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What if tech journalists covered religion?

Synergies: synergies everywhere

The big theological story today is that the Pope will soon be meeting Patriarch Kirill – his equivalent in the Russian Orthodox church.

It’s remarkable because the heads of the two churches have reportedly never met – presumably since the schism centuries ago, which saw the two parts spun off into separate and competing entities.

What’s interesting, though, is like eBay and Paypal in the late 90s, the two organisations surely have an excellent case to pursue a merger.

The synergies from such an arrangement are obvious: Not only would a merger (or acquisition) knock out the need to compete with each other, but both have large property portfolios, so any merger could enable them to rationalise and cut costs. Changing consumer behaviour has already resulted in dwindling footfall – so there is a lot of excess capacity that can be done away with, and revenues can be re-invested elsewhere (such as onboarding new users, or in trying to win-back lapsed early-adopters).

“Protestantism is able to operate flexibly, like AirBNB”

Product-wise, there would be no “x86 vs PowerPC” here, as both are fundamentally based on the Christianity platform. The products offered by both are nearly identical and operate on a SAAS (Spirituality as a Service - Christenings, Weddings, Funerals, etc) model. Or at least the products are close enough that migrating existing users shouldn’t be too much of a headache.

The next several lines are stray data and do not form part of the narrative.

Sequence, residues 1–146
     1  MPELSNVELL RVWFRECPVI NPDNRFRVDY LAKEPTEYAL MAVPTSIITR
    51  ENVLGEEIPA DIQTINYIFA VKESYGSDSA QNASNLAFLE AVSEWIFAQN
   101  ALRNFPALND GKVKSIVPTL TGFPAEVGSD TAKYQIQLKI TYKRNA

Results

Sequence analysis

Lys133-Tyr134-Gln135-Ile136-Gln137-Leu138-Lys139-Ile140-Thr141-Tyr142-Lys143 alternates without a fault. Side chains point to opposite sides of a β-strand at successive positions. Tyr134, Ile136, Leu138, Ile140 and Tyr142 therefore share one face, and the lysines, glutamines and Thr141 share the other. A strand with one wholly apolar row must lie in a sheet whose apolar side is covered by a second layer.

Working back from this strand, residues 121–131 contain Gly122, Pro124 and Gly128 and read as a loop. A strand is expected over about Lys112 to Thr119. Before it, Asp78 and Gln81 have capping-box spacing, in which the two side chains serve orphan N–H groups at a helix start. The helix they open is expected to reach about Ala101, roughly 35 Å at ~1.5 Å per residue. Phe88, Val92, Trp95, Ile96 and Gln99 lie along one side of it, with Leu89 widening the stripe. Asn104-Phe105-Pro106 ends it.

The merger couldn’t come at a better time too, because of the wider shifting sands in the theological industry. The closest competitor of the combined entity is Protestantism, which operates on a radically different business model – and has achieved much more success in recent decades with explosive growth in the developing world.

The Catholic and Orthodox churches are similar to the hotel industry, in that they have a lot of cash tied up in fixed assets like property, but Protestantism is able to operate more flexibly, like disruptive AirBNB. Sure, the lack of central control means that service is arguably more variable in quality and product – but through one central entity not owning all of its properties, it has enabled Protestantism to expand aggressively, and provide a service which is not just “good enough” but arguably a more localised solution to different local needs.

 “Catholicism and Russian Orthodoxy are heritage brands with a lot of PR value”

So a merger seems like a no brainer, right? Such a move wouldn’t be without challenges. For example, both Catholicism and Russian Orthodoxy are heritage brands with a lot of PR value. So while rebranding one to match the other would be good for saving costs, it could mean a marketing, PR or revenue hit in the short term as consumers react. It also means that a potentially valuable intangible asset (the brand that will be phased out) will be reduced to zero (a bit like the headache facing BT as it now has to figure out the disposal of the EE brand).

The fact that the two churches have adopted crowdfunding as their primary source of revenue means that audiences are likely to be hyper-responsive to any changes. Maintaining good will while restructuring will be key.

But I would argue that even in the face of these challenges, the case is overwhelming. If Pope Francis and Patriarch Kirill want to do what’s best for their investors, they’ll start talking.

James O’Malley is Interim Editor of Gizmodo UK